A Triune Perspective on Limited (Definite) Atonement

The Five Points of Calvinism: A Study Guide Edwin Palmer (d. 1980) wrote a helpful book called The Five Points of Calvinism.  This is a good resource for those who want a detailed yet readable and relatively brief explanation of the doctrines of grace.  Here’s an edited summary of Palmer’s discussion of Limited (Definite) Atonement which he explains in a Trinitarian and biblical way.  The doctrine of Limited Atonement is based on:

1) The Father’s Election.  Since the objects of the Father’s saving love are particular, definite, and limited (Amos 3:2, Rom. 1:7, 8:29, 9:13, Col. 3:12, 1 Thess. 1:4, Jude 1) so are the objects of Christ’s death.  Because God has loved certain ones and not all, because he has sovereignly and immutably determined that these particular ones will be saved, he sent his Son to die for them, to save them, and not all the world.  Because there is a definite election, there is a definite atonement.  Because there is a particular election, there is a particular atonement.  God’s electing love and Christ’s atonement go hand in hand and have the same people in view.  There is unity between the work of the Father and the Son.

2) The Son’s Atonement.  The Bible teaches the death of Jesus in at least four different ways.  When Christ died, 1) he made a substitutionary sacrifice for sins (Heb. 9-10); 2) he propitiated, that is, appeased or placated, the righteous wrath of God (Rom. 3:25; Heb. 2:17, 2 John 2:2; 4:10); 3) he reconciled his people to God – that is, he removed the enmity between them and God (Rom. 5:10, 2 Cor. 5:20, etc.); and 4) he redeemed them from the curse of the law (Gal. 3:13). …The nature of the atonement – what did Christ actually do? – answers the question: For whom did Christ die?  The noun (atonement) defines its adjective (limited).  If the atonement does not actually save, does not really remove God’s curse from people, does not actually redeem them, then it indeed can be for all the world, even for those who are in hell.  But if the death of Jesus is what the Bible says it is – a substitutionary sacrifice for sins, an actual and not a hypothetical redemption, whereby the sinner is really reconciled to God – then obviously, it cannot be for every man in the world.  For then everybody would be saved, and obviously they are not.

3) The Spirit’s Indwelling. In 2 Corinthians 5:14-15, Paul notes (in line with Romans 6) that if Christians are dead to sin, then they are made alive in Christ.  If they are spiritually buried with Christ, they will spiritually rise with him.  Although Paul does not state it explicitly in this passage, we know from the rest of Scripture that this is possible only through the Holy Spirit’s work.  …There is an inexorable chain of events in 2 Corinthians 5:14-15: a) Christ died for all believers; therefore b) all believers die spiritually in Christ; and c) they all rise again spiritually in Christ.  If (a) is stated, (b) and (c) must follow.  …The Holy Spirit does not apply the death of Christ to all people, leaving it in their hands ultimately as to whether or not they would be saved.  Rather, the Spirit comes to those people whom the Father had chosen and for whom the Son had died and he causes them to die to sin and be born again.

In summary, the purpose of the Father, Son, and Holy Spirit coincide.  They strive for and accomplish the same purpose: The salvation of those whom the Father has loved with a special love.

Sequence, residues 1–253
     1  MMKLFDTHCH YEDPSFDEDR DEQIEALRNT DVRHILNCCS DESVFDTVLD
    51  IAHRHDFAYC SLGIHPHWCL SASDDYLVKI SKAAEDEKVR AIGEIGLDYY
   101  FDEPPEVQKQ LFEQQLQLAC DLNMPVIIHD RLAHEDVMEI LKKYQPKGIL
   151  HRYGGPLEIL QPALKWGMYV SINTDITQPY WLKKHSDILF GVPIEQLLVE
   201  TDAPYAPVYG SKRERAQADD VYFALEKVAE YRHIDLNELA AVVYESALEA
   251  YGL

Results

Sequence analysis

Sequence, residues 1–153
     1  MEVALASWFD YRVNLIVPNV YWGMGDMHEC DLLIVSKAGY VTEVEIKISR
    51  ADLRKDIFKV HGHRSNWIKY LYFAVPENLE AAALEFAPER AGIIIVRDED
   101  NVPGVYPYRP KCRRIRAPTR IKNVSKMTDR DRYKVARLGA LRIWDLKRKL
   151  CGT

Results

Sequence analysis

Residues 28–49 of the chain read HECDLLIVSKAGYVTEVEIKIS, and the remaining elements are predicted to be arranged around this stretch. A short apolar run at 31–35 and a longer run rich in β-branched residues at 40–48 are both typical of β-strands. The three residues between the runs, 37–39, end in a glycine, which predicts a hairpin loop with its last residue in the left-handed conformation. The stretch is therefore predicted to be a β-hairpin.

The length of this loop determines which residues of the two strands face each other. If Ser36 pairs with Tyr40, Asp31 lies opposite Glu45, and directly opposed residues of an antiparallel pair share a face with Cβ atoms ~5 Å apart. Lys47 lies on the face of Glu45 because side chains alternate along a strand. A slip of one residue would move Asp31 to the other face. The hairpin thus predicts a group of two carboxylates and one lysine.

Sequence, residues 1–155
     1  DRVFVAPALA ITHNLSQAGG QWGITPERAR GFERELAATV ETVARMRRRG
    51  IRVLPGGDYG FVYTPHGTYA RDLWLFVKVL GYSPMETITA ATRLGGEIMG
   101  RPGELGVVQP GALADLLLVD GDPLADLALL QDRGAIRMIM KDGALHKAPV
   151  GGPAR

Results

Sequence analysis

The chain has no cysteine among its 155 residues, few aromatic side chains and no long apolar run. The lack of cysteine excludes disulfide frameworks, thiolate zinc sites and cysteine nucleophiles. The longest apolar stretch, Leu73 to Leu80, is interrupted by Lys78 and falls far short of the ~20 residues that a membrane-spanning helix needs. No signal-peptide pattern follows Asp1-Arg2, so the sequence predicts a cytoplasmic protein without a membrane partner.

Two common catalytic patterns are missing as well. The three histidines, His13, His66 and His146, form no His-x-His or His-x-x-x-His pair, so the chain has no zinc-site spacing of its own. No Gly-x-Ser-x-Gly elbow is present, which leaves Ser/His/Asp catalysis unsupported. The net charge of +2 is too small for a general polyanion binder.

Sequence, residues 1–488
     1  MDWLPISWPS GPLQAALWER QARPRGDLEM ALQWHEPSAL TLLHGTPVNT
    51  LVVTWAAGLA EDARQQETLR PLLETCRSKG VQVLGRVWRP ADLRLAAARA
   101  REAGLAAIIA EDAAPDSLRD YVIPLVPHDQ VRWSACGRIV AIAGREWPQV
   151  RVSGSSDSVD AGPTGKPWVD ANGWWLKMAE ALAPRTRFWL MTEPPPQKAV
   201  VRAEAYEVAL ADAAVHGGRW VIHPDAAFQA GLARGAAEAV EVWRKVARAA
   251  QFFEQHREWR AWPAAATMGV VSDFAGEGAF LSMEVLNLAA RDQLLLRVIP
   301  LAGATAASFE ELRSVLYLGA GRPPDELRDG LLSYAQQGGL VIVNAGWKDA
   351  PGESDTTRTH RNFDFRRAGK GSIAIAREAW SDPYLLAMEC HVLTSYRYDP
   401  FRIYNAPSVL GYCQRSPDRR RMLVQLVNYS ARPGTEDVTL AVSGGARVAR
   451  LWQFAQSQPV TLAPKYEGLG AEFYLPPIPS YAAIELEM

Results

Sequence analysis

To read these three points in their entirety, see pages 52-60 in The Five Points of Calvinism (Grand Rapids: Baker, 2010).

shane lems

Owen’s Conclusion

The Works of John Owen, Volume 10: The Death of Christ I appreciate how John Owen ended his book, The Death of Death in the Death of Christ.  I’ve put it in linear format to make it easier to read.

Only, for a close, I desire the reader to peruse that one place, Rom. 8:32–34; and I make no doubt but that he will, if not infected with the leaven of the error opposed, conclude with me,
that if there be any comfort,
any consolation,
any assurance,
any rest,
any peace,
any joy,
any refreshment,
any exultation of spirit,
to be obtained here below, it is all to be had in the blood of Jesus long since shed,
and his intercession still continued;
as both are united and appropriated to the elect of God,
by the precious effects and fruits of them both drawn to believe and preserved in believing,
to the obtaining of an immortal crown of glory, that shall not fade away.

Owen, John. The Works of John Owen Ed. William H. Goold. Vol. 10. (Edinburgh: T&T Clark), 421.

shane lems

A Metanarrative Distraction?

N.T. Wright and others in the New Perspectives on Paul movement have given us some helpful insights into biblical theology.  We should not deny this even if we might very much disagree [as I do] with the NPP’s [re]definitions of justification, covenant, law, etc.  I have to admit, though, when I read Wright, I often question his interpretive emphasis on Israel.  It seems to me that Wright finds the story of Israel under almost every interpretive stone in the Bible.  J. I. Packer hints at this well in his contribution to the book, In My Place Condemned He Stood.

“In recent years, great strides in biblical theology and contemporary canonical exegesis have brought new precision to our grasp of the Bible’s overall story of how God’s plan to bless Israel, and thorough Israel the world, came to its climax in and through Christ.  But I do not see how it can be denied that each New Testament book, whatever other job it may be doing, has in view, in one way or another, Luther’s primary question: how may a weak, perverse, and guilty sinner find a gracious God?”

“Nor can it be denied that real Christianity only starts when that discovery is made.  And to the extent that modern developments, by filling our horizon with the great metanarrative, distract us from pursuing Luther’s question in personal terms, they hinder as well as help in our appreciation of the gospel.”

“The church is and will always be at its healthiest when every Christian can line up with every other Christian to sing… P. P. Bliss’ simple words, which really say it all:

Bearing shame and scoffing rude
In my place condemned he stood,
Sealed my pardon with this blood -
Hallelujah! What a Savior!”

J. I. Packer, “Introduction: Penal Substitution Revisited” in In My Place Condemned He Stood ed. J. I. Packer and Mark Dever (Wheaton: Crossway, 2007).

shane lems

Christ’s Passion, God’s Patience, Our Portion

In a sermon on Lamentations 1:12 called “No Sorrow Like Messiah’s Sorrow” John Newton explained how our sorrow and suffering is always mingled with God’s mercy and patience.  Christ’s suffering on the cross, however, included no mercy or mitigation.

“Did ever any other sufferer experience in an equal degree the day of God’s fierce anger?”